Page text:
To conclude, the VITATOPS trial1 does not provide sufficiently robust evidence to support a policy of giving B vitamin supplements for secondary prevention after transient ischaemic attack or minor stroke. However, there is still a place for further trials of homocysteine-lowering treatment, especially if the intervention can achieve and sustain large reductions in homocysteine.

I have no conflicts of interest.

References

1 The VITATOPS Trial Study Group, B vitamins in patients with recent transient ischaemic attack or stroke in the VITAmins TO Prevent Stroke (VITATOPS) trial: a randomised, double-blind, parallel, placebo-controlled trial, Lancet Neurol (2010) 10.1016/S1474-4422(10)70187-3 published online Aug 4..
2 Homocysteine Studies Collaboration, Homocysteine and risk of ischemic heart disease and stroke: a meta-analysis, JAMA 288 (2002), pp. 2015–2022.
3 R Collins and S MacMahon, Reliable assessment of the effects of treatment on mortality and major morbidity, I: clinical trials, Lancet 357 (2001), pp. 373–380. Article | PDF (114 K) | View Record in Scopus | Cited By in Scopus (114)
4 AG Bostom, MA Carpenter, L Hunsicker et al. and for the FAVORIT Study Investigators, Baseline characteristics of participants in the Folic Acid for Vascular Outcome Reduction in Transplantation (FAVORIT) Trial, Am J Kidney Dis 53 (2009), pp. 121–128. Abstract | Article | PDF (282 K) | View Record in Scopus | Cited By in Scopus (3)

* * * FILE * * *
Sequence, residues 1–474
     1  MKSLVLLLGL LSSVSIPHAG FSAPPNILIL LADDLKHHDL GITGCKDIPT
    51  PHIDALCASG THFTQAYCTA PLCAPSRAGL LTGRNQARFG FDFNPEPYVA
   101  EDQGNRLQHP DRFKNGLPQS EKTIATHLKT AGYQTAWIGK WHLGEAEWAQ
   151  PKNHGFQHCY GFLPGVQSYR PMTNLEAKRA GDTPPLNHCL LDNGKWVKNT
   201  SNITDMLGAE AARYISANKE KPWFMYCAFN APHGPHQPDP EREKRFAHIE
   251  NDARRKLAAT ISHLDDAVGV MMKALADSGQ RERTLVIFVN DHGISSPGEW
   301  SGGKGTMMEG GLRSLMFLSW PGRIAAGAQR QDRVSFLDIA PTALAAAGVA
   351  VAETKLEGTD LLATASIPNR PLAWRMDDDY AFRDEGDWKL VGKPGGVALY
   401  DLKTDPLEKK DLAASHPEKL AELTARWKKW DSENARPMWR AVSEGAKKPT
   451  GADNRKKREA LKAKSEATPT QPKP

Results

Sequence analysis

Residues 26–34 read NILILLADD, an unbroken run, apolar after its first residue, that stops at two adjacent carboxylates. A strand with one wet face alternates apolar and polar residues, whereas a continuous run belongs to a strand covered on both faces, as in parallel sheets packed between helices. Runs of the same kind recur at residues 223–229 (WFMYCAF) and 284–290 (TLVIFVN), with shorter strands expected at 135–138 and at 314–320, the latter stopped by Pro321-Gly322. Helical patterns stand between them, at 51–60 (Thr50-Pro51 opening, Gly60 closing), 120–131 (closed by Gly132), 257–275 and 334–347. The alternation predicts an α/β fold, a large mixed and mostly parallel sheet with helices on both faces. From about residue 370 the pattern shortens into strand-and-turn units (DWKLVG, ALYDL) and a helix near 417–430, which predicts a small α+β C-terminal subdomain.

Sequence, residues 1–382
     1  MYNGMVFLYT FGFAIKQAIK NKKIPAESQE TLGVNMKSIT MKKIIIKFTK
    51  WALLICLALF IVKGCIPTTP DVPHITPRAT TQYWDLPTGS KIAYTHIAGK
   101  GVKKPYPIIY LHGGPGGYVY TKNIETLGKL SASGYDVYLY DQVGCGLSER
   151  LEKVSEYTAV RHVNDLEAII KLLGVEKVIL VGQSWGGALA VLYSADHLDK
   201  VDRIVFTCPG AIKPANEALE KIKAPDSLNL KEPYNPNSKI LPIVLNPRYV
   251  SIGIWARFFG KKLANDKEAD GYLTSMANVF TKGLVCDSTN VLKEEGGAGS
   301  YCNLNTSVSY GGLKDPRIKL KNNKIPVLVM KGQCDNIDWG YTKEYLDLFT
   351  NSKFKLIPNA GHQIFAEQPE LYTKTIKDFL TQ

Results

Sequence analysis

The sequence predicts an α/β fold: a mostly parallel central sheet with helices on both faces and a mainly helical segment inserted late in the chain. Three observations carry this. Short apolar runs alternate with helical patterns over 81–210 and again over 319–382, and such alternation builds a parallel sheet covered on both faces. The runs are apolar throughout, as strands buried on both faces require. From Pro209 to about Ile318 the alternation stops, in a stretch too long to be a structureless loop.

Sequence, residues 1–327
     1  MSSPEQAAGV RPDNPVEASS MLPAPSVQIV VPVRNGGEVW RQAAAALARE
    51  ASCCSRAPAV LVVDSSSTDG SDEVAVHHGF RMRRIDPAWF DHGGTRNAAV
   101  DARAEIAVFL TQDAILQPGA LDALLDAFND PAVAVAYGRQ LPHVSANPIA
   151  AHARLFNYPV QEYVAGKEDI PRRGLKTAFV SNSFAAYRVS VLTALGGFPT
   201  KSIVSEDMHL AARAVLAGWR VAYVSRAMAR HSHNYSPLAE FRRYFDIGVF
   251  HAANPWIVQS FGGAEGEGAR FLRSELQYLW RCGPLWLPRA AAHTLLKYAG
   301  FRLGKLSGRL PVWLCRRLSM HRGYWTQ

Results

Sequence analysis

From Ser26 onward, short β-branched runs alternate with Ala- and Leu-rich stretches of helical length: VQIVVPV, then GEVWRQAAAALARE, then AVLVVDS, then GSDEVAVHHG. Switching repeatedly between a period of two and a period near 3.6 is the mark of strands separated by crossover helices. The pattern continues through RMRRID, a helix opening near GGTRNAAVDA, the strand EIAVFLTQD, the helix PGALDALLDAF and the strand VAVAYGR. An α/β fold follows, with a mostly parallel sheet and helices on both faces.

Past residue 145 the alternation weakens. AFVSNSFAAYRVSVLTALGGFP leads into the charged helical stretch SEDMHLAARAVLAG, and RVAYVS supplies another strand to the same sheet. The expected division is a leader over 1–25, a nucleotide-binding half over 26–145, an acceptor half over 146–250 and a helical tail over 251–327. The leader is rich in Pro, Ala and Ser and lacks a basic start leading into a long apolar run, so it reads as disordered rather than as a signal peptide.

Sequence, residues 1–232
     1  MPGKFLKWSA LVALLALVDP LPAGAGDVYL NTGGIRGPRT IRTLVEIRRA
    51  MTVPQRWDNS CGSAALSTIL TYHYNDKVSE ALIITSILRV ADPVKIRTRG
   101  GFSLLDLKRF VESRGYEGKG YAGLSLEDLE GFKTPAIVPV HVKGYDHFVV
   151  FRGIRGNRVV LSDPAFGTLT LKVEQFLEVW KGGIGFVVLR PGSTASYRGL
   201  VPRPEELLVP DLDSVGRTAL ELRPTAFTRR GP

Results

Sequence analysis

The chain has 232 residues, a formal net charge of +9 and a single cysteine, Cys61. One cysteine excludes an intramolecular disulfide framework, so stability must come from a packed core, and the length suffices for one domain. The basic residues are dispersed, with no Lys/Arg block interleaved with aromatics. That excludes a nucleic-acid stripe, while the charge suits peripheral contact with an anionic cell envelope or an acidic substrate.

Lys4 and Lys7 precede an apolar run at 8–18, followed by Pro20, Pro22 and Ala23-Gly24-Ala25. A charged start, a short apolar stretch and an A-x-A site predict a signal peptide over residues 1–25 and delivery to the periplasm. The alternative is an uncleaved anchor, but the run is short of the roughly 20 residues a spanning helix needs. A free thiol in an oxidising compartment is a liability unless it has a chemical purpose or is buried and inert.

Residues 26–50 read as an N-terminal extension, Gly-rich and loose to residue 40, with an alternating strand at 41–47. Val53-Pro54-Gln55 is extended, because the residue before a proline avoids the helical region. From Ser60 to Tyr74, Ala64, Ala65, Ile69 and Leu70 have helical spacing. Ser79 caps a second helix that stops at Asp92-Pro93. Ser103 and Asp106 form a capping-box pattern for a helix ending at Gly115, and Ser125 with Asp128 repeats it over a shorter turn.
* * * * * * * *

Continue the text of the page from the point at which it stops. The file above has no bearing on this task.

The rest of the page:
5 R Clarke, J Armitage, S Lewington and R Collins, Homocysteine-lowering trials for prevention of vascular disease: protocol for a collaborative meta-analysis, Clin Chem Lab Med 45 (2007), pp. 1575–1581. View Record in Scopus | Cited By in Scopus (11)
6 Cochrane Stroke Group, List of Reviews, Protocols and Titles registered with the Cochrane Stroke Group http://www.dcn.ed.ac.uk/csrg/cliblist.asp (accessed July 25, 2010).
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GodConsciousness
post Aug 17, 2010, 12:08 PM
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Pyritinol and Sulbutiamine (both based on B vitamins) may also be helpful in recovering from stroke (and perhaps even prevention).
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alisha99
post Jul 26, 2012, 12:54 AM
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QUOTE(GodConsciousness @ Aug 17, 2010, 12:08 PM) *

Pyritinol and Sulbutiamine (both based on B vitamins) may also be helpful in recovering from stroke (and perhaps even prevention).


Yes, Pyritinol is helpful in recovering from stroke.